Portable lithium batteries or power banks as they are now more commonly known have become the 'must have' promotional tech gadget over the last two years. The global market for such gadgets is forecast to grow to $18 billion by 2020! These items while delivering good branding and an increasingly affordable price do bring with them their own dangers however. Power banks when made poorly or when low grade batteries have been used are a fire and public health risk, this risk has led the airlines to designate them 'Dangerous goods' and imposed a total ban on any passenger aircraft transporting them.
Power banks are subject to the same compliance requirements as many other electrical items and need CE, Reach and Rohs. They also need battery reports to allow them onto cargo aircraft and DG handling rules must be followed. Despite these criteria many cheap and low quality / cost models are finding there way into our market even though they meet the minimum legal requirements, this has lead to some damaging publicity for those brands which choose badly. Eg EE, Samsung and many other companies below the national radar who once they are sold a poor batch of power banks, experience an issue and then subsequently ban them for their promotional marketing tool kit !
This issue needs addressing and the chaotic market given some clear quality levels to allow business and consumers to make an informed choice on what power bank they buy.
This quality mark looks to be coming from the world renowned American testing facility ' United Laboratoroes' (UL) has been testing and creating standard around the globe for over 120 years ! This company has now used its vast experience in engineering and testing to make a specific testing accreditation for power banks which is UL 2056. This certification now means that manufacturers and importers can demonstrate that their power banks meet the stringent testing to put marketeer's minds and brands at ease.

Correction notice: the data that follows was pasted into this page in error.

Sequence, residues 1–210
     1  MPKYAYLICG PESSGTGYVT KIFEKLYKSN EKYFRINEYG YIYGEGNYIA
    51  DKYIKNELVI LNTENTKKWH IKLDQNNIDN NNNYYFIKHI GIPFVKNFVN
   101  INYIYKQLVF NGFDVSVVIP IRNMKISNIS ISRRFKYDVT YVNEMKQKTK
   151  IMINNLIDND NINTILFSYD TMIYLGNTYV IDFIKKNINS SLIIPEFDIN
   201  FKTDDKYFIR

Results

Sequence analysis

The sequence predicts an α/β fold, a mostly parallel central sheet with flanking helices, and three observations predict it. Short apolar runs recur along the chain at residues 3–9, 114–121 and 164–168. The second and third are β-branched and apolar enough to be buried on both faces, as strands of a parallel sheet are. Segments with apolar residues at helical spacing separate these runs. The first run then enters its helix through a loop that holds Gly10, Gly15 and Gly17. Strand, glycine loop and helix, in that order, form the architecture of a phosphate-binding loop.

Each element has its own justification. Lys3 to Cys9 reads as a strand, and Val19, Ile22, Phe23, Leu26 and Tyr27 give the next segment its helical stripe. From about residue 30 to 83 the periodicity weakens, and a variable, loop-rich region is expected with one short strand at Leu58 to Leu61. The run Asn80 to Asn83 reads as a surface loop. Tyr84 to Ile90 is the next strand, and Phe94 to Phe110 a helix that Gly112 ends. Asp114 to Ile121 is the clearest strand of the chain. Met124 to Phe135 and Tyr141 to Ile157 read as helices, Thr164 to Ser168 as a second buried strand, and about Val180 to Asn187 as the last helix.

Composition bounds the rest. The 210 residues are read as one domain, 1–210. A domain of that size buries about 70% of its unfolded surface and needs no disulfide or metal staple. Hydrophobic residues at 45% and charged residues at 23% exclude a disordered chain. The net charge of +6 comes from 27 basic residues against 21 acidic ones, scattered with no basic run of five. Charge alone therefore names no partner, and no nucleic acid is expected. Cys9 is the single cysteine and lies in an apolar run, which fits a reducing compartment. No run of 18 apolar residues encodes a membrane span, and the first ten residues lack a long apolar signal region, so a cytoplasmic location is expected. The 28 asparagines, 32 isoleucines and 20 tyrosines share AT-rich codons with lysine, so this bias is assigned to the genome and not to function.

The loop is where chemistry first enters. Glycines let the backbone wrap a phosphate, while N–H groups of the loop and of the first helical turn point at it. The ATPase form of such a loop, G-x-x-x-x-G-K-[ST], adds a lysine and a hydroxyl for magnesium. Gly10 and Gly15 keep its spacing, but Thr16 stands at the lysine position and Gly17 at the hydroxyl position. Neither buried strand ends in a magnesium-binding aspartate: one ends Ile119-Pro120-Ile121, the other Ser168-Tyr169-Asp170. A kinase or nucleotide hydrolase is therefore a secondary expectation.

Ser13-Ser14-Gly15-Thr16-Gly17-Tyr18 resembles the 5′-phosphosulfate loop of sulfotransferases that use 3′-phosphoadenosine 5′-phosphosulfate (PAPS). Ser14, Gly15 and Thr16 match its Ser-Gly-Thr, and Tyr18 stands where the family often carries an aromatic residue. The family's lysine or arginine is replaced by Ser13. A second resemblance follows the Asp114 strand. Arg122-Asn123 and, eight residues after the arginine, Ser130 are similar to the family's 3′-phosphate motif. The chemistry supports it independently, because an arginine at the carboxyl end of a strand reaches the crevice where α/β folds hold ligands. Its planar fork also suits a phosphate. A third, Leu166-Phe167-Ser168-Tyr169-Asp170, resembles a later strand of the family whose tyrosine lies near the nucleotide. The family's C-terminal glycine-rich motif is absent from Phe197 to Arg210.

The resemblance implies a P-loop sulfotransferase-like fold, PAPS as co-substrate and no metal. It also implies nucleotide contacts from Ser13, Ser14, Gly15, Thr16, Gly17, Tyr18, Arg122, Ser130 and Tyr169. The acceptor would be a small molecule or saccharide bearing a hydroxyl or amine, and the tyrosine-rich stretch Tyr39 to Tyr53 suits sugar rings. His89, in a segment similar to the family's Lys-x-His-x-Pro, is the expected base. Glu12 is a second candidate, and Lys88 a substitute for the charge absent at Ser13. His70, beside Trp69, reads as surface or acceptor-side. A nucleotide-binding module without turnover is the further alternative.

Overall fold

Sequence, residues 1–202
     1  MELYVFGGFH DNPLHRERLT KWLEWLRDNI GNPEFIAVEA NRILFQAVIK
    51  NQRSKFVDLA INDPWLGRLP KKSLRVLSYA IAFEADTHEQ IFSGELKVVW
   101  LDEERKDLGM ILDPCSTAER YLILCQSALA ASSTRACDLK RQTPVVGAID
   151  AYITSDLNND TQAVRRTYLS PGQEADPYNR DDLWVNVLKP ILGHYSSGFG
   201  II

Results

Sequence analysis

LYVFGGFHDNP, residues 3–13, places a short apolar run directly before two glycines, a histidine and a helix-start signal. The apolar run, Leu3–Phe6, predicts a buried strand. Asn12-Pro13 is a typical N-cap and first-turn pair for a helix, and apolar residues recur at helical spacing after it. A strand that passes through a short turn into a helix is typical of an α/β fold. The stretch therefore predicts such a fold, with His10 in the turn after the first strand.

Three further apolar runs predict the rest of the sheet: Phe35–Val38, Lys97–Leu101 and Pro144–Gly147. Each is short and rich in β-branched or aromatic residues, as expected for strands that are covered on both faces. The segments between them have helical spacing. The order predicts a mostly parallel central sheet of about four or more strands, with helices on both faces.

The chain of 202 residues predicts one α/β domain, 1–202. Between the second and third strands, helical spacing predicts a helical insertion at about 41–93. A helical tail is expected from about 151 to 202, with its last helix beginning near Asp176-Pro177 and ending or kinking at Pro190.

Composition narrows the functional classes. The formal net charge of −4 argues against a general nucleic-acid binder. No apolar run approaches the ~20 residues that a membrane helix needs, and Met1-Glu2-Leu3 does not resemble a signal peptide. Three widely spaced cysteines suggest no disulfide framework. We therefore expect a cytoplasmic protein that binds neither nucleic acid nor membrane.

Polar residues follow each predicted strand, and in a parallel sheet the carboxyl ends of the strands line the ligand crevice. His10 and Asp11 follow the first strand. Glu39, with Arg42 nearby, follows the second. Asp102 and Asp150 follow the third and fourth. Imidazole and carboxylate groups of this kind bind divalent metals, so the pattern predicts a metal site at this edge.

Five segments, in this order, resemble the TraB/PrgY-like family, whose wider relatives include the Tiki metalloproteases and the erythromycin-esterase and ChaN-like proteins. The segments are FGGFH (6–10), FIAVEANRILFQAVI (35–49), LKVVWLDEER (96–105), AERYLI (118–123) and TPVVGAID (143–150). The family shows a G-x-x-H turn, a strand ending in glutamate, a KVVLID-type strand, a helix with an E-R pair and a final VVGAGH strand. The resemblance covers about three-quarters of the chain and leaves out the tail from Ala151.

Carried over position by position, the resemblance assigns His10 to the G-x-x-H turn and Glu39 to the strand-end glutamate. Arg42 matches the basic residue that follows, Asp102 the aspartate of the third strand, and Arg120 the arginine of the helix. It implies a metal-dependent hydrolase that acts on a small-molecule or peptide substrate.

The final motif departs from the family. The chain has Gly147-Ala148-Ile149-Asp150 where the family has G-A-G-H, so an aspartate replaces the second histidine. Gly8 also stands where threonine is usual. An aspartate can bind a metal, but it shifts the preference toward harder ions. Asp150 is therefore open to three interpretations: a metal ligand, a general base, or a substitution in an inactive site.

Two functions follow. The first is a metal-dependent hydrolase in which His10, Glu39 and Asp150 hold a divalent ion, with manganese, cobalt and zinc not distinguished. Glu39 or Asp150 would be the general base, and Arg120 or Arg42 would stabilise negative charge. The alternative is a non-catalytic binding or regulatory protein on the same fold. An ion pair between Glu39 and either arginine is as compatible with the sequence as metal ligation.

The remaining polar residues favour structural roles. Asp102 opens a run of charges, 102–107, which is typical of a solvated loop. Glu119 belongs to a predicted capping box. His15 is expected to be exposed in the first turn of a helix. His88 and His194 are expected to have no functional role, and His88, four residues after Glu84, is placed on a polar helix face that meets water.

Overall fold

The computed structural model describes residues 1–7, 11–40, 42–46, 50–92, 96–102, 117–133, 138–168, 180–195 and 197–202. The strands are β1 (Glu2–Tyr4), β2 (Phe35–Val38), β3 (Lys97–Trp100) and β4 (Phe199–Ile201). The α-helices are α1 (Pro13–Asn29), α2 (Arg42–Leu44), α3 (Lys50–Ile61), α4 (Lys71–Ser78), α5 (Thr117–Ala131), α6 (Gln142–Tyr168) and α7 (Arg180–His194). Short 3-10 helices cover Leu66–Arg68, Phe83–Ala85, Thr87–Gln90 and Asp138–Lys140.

According to Alex Liang, UL Principal Engineer, with a glut of power banks in the market, price competition becomes a norm, which results in manufacturers cutting corners, compromising product quality. Common issues include sub-standard raw materials, omission of certain raw materials, cost cutting, use of recycled materials, etc.
UL 2056 covers products including mains power or portable USB chargers. The output of the devices must be a safe voltage and the instant high-energy must also be within the safety limits.
Key tests for power banks include: electrical testing in relation to overcharge, short circuit, etc.; mechanical testing for drops and crashes when in use; verification testing of the marked input/output current and marked capacity; testing of power overload of output ports as well as testing of flammability of integral PV cells (where applicable).
To comply with UL 2056, specific requirements include:
Power banks will remain in high demand over the coming 18 months or until gadget manufacturers enhance the technology in their built in batteries or until the next technology breakthrough takes consumers by storm - this is expected to be wireless charging ...watch this space. Until then our industry must look more at the quality and compliance of what they are selling and less at the profit and how cheap power banks can be bought and sold for if we are to safeguard both consumer and brand health...